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State: Cut hours, not jobs

State: Cut hours, not jobs

Hanging in the warehouse of Latham International are banners proclaiming the manufacturer’s annual c

Hanging in the warehouse of Latham International are banners proclaiming the manufacturer’s annual corporate objectives. The 2007 banner includes goals such as “Strengthen customer brand” and “Implement operational excellence” while 2008’s banner states “Increase appetite (grow sales).”

No banner hangs for 2009. As the economy staggers, catchy motivational slogans are overshadowed by basic survival. And Latham International plans to achieve that objective with the help of a little-known state program that encourages employers to reduce workers’ hours rather than lay them off.

For four years, Latham International has participated in the state Department of Labor’s Shared Work Program, which allows full-time workers to collect unemployment insurance benefits that cover wages lost to reduced hours. After seeing New York’s unemployment rate jump to 7 percent in December, Labor Department Commissioner M. Patricia Smith begged business owners statewide to participate in the Shared Work Program rather than pursue layoffs.

“You can stay in business. You can keep your workers. You can weather this storm,” Smith said at a Wednesday news conference at the manufacturer’s Latham headquarters.

Smith called the program her agency’s “best kept secret,” but “we don’t want it to be a secret anymore.” Along with the nation’s 14-month-old recession, awareness about the program has spread.

Last year, 546 New York employers participated in Shared Work, 83 percent more than in 2007. In the first five weeks of this year, 132 businesses have signed up.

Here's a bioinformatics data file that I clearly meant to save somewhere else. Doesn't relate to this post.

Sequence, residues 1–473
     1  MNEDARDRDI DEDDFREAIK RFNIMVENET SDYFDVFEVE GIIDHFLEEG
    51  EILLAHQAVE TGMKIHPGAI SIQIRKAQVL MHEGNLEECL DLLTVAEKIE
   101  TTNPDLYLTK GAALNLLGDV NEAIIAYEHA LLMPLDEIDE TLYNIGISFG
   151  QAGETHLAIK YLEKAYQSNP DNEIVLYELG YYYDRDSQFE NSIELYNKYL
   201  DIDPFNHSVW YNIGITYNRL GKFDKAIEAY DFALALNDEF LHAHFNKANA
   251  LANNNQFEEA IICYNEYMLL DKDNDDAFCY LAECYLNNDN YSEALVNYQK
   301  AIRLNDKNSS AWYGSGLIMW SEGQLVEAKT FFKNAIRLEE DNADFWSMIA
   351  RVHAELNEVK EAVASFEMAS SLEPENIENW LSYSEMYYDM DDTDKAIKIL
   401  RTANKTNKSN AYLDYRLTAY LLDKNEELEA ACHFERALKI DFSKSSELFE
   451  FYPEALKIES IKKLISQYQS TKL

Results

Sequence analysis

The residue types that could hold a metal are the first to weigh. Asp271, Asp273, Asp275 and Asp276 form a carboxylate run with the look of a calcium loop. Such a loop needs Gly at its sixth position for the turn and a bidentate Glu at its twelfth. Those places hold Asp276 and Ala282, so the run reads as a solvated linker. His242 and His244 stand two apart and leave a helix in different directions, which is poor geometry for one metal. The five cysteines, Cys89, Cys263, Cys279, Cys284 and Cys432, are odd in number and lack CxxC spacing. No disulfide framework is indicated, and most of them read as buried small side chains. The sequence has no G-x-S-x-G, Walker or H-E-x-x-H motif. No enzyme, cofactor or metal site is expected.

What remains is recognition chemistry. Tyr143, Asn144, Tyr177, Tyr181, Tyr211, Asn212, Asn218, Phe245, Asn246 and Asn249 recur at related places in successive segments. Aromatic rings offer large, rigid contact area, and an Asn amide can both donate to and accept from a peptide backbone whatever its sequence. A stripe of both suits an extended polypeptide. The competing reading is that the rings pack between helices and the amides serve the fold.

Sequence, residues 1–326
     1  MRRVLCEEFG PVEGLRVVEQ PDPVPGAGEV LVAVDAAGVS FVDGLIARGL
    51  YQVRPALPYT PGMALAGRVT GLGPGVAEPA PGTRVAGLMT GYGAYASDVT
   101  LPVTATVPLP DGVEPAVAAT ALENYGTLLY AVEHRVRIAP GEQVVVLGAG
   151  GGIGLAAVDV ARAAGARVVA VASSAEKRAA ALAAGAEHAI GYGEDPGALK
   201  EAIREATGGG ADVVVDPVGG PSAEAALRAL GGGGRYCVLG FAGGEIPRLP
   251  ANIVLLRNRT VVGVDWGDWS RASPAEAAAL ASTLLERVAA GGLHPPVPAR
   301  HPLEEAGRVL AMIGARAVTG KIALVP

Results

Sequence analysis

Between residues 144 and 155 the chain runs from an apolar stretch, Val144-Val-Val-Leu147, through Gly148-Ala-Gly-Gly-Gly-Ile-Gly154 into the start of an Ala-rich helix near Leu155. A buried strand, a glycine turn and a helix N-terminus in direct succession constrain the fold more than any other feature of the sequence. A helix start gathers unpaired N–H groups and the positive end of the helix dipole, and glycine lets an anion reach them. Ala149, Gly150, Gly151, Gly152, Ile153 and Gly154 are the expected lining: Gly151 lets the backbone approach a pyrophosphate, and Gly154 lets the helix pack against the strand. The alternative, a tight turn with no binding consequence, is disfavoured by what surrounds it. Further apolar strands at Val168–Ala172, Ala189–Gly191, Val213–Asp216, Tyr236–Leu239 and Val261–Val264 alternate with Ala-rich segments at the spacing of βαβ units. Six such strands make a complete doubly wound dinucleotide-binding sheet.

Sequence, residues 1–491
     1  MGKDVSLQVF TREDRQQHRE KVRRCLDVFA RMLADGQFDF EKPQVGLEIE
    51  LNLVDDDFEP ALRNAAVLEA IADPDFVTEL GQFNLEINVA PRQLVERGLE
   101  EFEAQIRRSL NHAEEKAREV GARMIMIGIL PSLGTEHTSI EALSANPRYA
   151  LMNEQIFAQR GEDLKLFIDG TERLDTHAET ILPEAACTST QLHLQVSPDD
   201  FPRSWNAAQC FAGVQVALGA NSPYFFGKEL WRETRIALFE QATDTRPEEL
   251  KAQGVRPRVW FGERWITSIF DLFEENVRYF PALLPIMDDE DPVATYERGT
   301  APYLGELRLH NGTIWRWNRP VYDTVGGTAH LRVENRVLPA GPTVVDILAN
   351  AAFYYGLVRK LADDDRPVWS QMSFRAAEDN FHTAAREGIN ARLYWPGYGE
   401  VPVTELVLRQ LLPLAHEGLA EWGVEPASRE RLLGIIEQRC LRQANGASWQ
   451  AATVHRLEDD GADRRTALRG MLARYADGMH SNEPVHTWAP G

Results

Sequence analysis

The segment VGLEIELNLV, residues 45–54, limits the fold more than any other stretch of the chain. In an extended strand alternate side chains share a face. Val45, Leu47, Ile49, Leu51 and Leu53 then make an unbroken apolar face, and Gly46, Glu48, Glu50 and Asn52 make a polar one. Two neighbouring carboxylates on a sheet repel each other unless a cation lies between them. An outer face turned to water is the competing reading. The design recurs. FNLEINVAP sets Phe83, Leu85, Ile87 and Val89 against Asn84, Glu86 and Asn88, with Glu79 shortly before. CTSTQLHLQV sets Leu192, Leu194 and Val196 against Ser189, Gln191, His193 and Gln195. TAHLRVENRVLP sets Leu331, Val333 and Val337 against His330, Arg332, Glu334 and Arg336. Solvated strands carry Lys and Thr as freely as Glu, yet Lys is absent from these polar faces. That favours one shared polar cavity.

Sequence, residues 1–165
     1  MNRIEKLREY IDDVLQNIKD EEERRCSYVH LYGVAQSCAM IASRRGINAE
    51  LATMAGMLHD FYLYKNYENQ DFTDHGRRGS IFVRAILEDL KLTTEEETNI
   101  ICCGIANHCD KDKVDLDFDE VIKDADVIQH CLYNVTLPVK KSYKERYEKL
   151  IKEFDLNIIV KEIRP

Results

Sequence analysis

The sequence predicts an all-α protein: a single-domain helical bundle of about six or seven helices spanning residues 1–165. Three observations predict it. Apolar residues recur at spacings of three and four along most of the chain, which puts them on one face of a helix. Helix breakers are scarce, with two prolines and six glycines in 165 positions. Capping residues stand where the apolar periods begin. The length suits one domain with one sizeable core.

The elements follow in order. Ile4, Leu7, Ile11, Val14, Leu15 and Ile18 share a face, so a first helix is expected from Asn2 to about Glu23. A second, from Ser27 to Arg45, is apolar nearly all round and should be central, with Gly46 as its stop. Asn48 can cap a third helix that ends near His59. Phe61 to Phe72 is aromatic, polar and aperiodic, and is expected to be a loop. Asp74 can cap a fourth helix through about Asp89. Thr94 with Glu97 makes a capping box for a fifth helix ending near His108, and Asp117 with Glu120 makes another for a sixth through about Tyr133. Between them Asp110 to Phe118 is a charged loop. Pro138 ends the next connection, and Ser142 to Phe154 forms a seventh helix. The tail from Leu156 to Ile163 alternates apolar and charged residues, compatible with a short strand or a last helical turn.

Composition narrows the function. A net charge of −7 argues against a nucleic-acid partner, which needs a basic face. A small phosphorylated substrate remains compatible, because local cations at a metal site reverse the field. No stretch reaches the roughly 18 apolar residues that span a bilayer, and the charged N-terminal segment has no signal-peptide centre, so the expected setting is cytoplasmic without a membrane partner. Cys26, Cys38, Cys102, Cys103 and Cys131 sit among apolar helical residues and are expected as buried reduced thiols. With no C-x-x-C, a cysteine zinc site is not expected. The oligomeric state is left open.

Workers facing reduced hours are eligible for up to 40 weeks of Shared Work benefits under a current federal extended benefit plan.

In the Capital Region, 18,409 employees were enrolled in Shared Work last year, up 61.6 percent from 2007. By December, the region’s unemployment rate was at 5.9 percent — its highest for that month since 1991.

Latham International has 100 employees enrolled in the program, though only approximately 30 are currently collecting unemployment insurance benefits. The manufacturer of swimming pool covers employs 340, with 140 of them at the Scotia-Glenville Industrial Park.

Because of the seasonal nature of its business, Latham International relies on Shared Work to retain skilled employees during slow periods.

New York is one of 17 states to have such a program, and if it were not for Shared Work, Latham International would likely have laid off up to 150 workers over the past four years, 40 this year alone, the company reported.

“Everybody wins in a way that’s much better than if they’re put out on the street,” said Albany County Executive Michael Breslin.

Businesses that participate in Shared Work must have at least five full-time employees who work 35 to 40 hours weekly.

For workers to receive unemployment benefits, employers must reduce their hours by 20 percent to 60 percent. Affected workers must retain their health insurance, vacation and other employer-sponsored benefits.

During Wednesday’s news conference, Smith invoked President Obama’s Jan. 20 inaugural address, in which he praised “the selflessness of workers who would rather cut their hours than see a friend lose their job.”

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